“We have patients who say their doctor wants them to lose 50 to 70 pounds,” she said. “We ask them, ‘What do you think is reasonable?’ They set their goals, and we help them meet them,” Koshinsky said. “We are looking for progress, not perfection.”
Along the way, the educators address various obstacles, including depression. One man, DeJesus said, rarely left his house. Once he finally arrived for education, she convinced him to consider counting carbohydrates to better control blood sugar. That led to her advice to reduce consumption of his favorite sugar beverage from one gallon to a half gallon a day. More recently he agreed to use the diet version.
“He is really depressed and finally opened up to me,” she said. “He said, ‘I can’t believe how much I’m saying to you.’ We were able to get to the root of what was causing him not to care for his diabetes.”
People know they should eat healthy food and exercise, but Koshinsky asked rhetorically, “How many people do what’s best?”
Studies show that patients who undergo diabetes education are more likely to reach ABC targets.
“The biggest challenge is people who never get here,” Koshinsky said. “They don’t understand the benefits and don’t choose to come. Even if they have an attitude when they get here, if you spend enough time with the patient, an educator can move them along the continuum of readiness. Maybe they will go home and make an effort.”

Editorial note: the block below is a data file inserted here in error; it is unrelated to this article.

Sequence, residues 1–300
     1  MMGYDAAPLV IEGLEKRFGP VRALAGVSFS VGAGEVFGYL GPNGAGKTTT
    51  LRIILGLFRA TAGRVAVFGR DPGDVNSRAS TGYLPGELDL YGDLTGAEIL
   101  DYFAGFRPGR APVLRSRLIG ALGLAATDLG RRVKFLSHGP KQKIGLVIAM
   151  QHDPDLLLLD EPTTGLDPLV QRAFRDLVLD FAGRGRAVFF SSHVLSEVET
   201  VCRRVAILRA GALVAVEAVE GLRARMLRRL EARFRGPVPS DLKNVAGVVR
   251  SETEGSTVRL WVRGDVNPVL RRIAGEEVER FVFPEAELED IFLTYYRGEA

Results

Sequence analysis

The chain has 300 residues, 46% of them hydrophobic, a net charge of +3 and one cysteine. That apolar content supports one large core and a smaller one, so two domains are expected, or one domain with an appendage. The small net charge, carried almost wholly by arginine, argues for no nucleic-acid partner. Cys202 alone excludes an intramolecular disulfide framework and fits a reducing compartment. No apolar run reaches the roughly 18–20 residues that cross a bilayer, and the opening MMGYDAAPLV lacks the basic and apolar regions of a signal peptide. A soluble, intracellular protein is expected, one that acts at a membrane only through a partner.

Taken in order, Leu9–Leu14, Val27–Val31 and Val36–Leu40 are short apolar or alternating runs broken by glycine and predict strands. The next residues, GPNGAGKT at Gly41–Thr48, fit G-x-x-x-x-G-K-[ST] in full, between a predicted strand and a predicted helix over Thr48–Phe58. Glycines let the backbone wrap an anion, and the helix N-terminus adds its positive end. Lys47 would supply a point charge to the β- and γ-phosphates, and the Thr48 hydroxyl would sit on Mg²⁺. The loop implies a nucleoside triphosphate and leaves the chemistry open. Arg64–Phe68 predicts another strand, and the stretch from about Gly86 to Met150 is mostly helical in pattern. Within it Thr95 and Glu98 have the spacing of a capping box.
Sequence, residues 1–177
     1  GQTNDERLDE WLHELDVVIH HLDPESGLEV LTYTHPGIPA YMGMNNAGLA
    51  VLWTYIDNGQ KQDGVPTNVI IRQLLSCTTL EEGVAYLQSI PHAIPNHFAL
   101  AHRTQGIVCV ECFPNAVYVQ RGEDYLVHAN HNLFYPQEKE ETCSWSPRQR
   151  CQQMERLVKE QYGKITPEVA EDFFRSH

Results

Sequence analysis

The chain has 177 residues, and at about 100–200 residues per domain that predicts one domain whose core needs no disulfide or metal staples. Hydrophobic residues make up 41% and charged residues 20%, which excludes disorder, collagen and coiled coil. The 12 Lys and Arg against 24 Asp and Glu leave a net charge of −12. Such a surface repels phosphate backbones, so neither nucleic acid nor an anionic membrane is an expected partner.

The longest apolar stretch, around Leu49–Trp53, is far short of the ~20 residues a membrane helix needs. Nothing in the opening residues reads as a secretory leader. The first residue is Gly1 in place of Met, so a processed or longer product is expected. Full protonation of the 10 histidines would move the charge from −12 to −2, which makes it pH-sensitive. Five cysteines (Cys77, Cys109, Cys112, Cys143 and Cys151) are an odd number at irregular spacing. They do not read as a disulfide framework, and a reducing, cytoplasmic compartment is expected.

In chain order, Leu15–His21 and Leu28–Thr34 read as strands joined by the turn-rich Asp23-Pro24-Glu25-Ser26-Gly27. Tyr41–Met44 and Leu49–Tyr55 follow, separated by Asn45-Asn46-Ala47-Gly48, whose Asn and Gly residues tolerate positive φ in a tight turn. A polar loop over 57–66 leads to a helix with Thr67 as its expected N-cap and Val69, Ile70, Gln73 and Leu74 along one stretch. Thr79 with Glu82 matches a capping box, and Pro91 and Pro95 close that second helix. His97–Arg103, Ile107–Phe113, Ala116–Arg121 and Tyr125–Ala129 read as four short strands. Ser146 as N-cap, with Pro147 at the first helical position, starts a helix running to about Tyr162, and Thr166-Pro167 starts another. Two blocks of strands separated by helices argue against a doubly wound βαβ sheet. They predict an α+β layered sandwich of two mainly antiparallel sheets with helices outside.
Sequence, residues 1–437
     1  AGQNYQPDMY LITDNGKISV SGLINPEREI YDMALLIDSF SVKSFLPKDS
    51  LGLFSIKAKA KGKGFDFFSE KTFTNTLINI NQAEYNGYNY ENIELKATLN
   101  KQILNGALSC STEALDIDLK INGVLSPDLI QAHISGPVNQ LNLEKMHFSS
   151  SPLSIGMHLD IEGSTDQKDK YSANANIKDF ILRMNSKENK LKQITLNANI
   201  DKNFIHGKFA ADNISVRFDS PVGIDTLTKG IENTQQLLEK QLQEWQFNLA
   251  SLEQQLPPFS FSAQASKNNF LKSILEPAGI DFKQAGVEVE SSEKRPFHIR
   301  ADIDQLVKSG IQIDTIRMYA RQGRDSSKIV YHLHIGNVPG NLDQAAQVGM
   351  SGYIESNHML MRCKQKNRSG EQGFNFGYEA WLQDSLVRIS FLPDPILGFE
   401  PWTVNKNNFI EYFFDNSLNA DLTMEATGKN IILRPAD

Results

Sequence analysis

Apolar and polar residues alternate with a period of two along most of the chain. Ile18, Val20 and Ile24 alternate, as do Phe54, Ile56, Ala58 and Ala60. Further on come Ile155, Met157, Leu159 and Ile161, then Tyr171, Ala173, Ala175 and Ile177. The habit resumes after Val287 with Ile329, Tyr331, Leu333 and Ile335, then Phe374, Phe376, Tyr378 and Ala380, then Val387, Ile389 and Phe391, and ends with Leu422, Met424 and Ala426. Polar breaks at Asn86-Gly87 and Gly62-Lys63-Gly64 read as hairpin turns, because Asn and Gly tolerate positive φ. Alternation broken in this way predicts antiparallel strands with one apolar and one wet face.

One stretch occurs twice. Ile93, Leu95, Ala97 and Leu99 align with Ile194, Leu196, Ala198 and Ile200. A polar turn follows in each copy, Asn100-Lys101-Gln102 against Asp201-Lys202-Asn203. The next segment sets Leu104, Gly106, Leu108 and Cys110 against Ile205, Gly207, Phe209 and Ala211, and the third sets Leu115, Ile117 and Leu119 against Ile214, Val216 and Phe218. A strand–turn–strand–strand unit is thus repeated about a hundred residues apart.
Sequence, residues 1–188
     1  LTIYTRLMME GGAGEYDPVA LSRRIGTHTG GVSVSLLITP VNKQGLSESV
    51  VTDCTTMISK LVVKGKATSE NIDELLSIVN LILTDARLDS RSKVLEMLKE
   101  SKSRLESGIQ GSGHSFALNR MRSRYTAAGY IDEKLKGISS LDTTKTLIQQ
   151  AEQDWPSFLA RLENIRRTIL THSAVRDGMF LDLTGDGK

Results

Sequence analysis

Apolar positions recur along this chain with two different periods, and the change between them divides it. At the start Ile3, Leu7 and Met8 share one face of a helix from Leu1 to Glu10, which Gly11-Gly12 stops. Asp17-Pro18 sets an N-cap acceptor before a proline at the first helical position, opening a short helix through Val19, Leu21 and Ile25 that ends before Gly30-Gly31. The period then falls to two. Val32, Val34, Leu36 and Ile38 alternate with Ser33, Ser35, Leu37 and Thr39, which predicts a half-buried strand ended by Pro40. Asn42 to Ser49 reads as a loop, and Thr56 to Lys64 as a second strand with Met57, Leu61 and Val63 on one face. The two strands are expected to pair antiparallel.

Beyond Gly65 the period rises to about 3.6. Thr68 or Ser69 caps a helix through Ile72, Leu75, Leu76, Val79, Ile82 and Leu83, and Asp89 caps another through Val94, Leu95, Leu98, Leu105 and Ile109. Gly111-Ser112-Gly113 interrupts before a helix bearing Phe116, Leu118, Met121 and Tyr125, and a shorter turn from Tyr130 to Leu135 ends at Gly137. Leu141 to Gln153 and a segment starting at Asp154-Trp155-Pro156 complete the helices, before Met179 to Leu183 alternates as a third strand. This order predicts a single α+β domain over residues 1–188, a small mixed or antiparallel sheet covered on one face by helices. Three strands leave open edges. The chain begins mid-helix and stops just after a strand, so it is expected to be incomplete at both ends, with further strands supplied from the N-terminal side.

Another problem is convincing physicians to send patients for diabetes education upon diagnosis rather than waiting for complications to occur. In those cases, DeJesus said, the head-shaking reality is “why didn’t the doc tell the patient to come sooner? It’s sad.”
But the focus is potential not frustration. Feedback is important. Knowledge is power. Diabetes educators can help patients reach ABC targets better than physicians burdened by limited appointment time.
“Once they understand the number and have good targets, they are engaged,” Koshinsky said.
Once scared, now empowered, Nash represents the success of diabetes education.
She walks two miles a day, has eliminated sugar from her diet and counts carbohydrates. She regularly tests her blood sugar. So far she’s lost 30 pounds and her A1C dropped from 8.7 percent to about 7 percent, near the upper level of ADA’s benchmark levels for control. She said she is working to lower it.
With hypertension medications, her blood pressure is 110/60, well within ADA guidelines. Her total cholesterol, with help from statin drugs, has dipped below 200.
“I have lost 30 pounds and walk five days a week,” said Nash, who takes the oral medication metformin to help reduce blood sugar. “I’ve done everything they’ve told me to do. I can’t say it has been easy, especially at Christmastime, but I have had success and everyone is pleased.
“I’m not perfect but I thank God for the classes I took,” she said. “Without them, I wouldn’t know what to do.”
That sums up the team concept. Educators credit Nash, while she credits the Koshinsky-DeJesus team.
“I can’t say enough how wonderful they were,” she said. “No one in my family had diabetes. I knew nothing about it. All I knew was to stay away from sugar.
“I don’t know if I could have done it on my own.”